A profound thoughtfulness permeates across most of The False Foundation, the latest album by electronic symphony Archive. At times, this atmosphere takes on a stark, even sad quality. Other times, it is introspective, contemplative, or even euphoric. The False Foundation, as such, exemplifies what Archive have been doing for over two decades – challenging our perceptions about music, life, and the world around us.
The album is an emotional roller coaster and an engrossing thought experiment, which begins with the stark and methodical, “Blue Faces”. As Darius Keeler’s delicate vocals and the slight notes from a piano are played for nearly six minutes, this beautiful song is a test in patience, which reflects the track’s storyline of a couple on the brink. The two searing, electronic numbers – the Trent Reznor-esque “Driving in Nails” and the Massive Attack-like “Splinters” – force us to look in- and outwardly about the forces that drive and govern us. The production work on both songs are stellar.
There are emotional releases in The False Foundation. The hypnotic “The Pull Out” is a cinematic masterpiece that escalates and then suspends in time before taking off once again. It is a song that calls out for us to let go. On the title track, the stuttering beats and uptempo pace echo The Phoenix Foundation, creating a mesmerizing, dance number. This song similarly is a critique about the puppet masters and those willing to be the marionettes. “Stay Tribal” further accelerates the pace, but Archive continue their onslaught on the commercialism and materialism.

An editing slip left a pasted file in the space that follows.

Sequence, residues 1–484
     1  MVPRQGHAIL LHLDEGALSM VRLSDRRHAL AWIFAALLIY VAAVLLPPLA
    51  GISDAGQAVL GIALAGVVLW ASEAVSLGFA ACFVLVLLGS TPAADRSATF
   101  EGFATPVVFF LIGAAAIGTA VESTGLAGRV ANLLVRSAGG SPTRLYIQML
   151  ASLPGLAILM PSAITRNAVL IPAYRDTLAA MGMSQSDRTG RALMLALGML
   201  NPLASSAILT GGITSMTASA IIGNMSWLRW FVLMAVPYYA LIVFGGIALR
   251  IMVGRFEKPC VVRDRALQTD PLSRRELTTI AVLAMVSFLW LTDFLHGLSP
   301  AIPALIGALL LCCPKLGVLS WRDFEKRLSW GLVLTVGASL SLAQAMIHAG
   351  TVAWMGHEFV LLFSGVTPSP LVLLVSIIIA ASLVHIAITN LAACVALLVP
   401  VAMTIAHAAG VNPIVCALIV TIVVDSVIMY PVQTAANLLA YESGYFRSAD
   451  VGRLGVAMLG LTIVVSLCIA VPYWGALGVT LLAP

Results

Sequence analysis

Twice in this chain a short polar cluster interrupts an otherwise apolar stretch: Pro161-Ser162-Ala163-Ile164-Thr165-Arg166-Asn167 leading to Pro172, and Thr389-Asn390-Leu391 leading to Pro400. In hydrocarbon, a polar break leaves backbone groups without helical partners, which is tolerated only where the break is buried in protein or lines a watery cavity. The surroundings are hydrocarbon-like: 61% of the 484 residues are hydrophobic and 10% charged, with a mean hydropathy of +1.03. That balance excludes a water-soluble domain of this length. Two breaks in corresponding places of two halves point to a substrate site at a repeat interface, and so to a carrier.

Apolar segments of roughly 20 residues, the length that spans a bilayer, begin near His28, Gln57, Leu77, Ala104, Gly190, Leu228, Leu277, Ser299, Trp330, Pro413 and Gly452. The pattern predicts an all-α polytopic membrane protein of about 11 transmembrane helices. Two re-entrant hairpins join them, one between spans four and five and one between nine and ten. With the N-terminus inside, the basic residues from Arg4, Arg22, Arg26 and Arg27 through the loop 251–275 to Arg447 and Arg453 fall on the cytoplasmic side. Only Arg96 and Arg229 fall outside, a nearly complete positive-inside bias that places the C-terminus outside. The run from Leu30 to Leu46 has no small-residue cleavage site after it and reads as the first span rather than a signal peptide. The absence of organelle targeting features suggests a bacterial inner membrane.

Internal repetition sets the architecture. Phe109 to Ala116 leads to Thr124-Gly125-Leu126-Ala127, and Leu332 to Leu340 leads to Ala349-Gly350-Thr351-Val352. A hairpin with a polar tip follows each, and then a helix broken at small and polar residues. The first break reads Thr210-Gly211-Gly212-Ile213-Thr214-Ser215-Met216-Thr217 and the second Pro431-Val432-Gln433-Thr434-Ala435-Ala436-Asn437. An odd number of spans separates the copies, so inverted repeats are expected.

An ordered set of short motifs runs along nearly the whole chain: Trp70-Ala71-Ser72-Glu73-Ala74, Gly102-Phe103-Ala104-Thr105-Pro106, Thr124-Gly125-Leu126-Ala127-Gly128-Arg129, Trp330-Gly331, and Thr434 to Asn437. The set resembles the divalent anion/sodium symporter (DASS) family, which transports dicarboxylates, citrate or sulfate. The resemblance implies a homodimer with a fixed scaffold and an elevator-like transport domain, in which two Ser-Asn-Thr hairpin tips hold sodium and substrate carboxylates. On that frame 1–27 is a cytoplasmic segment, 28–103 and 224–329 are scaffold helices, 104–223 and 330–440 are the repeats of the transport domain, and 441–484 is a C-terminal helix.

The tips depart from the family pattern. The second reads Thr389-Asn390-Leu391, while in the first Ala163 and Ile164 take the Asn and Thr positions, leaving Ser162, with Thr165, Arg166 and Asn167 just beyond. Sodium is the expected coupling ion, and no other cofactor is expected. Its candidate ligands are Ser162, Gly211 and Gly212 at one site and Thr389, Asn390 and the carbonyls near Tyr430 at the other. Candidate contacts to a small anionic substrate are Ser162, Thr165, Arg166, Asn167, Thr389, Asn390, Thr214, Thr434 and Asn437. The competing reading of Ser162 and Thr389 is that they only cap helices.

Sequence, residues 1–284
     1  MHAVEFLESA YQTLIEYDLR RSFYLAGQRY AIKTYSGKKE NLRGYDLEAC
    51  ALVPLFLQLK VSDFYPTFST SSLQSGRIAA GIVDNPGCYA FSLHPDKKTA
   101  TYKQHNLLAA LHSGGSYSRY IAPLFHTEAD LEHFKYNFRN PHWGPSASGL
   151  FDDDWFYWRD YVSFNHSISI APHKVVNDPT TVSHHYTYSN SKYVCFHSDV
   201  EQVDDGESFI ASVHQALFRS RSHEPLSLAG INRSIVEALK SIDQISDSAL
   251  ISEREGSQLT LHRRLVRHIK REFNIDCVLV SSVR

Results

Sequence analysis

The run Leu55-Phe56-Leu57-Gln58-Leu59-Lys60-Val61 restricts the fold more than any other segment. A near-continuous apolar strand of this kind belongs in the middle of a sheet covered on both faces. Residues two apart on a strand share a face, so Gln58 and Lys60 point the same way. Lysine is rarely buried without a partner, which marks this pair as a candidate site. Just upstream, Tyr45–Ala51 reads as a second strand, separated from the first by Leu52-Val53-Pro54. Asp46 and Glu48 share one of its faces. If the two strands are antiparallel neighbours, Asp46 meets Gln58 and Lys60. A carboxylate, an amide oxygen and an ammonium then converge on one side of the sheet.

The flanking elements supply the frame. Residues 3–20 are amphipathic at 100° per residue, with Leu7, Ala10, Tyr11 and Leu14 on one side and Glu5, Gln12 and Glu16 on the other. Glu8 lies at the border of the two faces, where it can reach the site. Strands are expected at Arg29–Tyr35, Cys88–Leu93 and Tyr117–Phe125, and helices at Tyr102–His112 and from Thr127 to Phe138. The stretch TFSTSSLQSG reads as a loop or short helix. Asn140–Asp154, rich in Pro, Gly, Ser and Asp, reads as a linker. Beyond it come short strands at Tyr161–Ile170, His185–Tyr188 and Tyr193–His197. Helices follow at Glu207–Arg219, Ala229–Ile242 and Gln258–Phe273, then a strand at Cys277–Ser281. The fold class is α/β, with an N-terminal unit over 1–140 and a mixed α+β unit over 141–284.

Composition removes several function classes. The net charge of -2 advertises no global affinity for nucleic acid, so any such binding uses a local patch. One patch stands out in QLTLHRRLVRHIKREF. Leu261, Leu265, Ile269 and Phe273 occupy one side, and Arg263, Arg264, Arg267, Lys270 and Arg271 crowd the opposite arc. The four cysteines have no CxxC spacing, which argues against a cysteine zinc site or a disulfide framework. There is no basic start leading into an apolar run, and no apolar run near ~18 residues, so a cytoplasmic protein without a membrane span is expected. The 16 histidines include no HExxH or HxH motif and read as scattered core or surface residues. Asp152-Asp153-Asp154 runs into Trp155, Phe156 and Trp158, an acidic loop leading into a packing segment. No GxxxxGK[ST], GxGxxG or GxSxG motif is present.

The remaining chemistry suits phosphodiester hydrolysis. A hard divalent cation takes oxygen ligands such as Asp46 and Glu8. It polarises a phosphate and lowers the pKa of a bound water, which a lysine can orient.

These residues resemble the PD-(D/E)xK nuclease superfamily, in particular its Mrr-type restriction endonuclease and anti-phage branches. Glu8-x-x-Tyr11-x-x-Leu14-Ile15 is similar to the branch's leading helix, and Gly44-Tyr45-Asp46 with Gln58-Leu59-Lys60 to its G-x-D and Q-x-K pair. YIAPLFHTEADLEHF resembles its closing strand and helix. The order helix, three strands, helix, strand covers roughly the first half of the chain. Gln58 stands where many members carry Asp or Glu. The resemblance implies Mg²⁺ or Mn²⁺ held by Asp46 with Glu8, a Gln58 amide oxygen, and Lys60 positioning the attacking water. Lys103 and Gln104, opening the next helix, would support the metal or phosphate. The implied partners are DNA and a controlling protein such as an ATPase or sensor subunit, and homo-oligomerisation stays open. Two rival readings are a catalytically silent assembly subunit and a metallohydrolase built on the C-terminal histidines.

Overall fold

Not every song, however, blasts the world we live in. The closer, “The Weight Of The World”, provides a positive outlook on things when we are allowed to live freely. The song itself is partly a jitterbug tune and another part of a trance-like, electronic number. The song showcases the multiple sides of the band – the orchestra, the pop band, and the electrifying electronic orchestra. It’s a pretty tantalizing number.
The album’s highlight, though, is its centerpiece. “Bright Lights” is absolutely breathtaking. The hallow and stark vibe perfectly complement this song that is simultaneously introspective and a reflection about the influence of someone close to hear. The arrangements and instrumentation are minimalist yet bold, slight yet stunning. The song highlights the brilliance of Archive, and their influence on many artists past and present. Intelligent, thoughtful, cinematic, and beautiful. The words are not only about “Bright Lights”, but also about this great collective of musicians who continue to amaze us.
The current composition of Archive includes Darius Keeler, Danny Griffiths, Pollard Berrier, Rosko John, Dave Pen, Maria Q, Smiley, Steve Harris, Steve Davis, Jonathan Noyce, Holly Martin, and Mickey Hurcombe.
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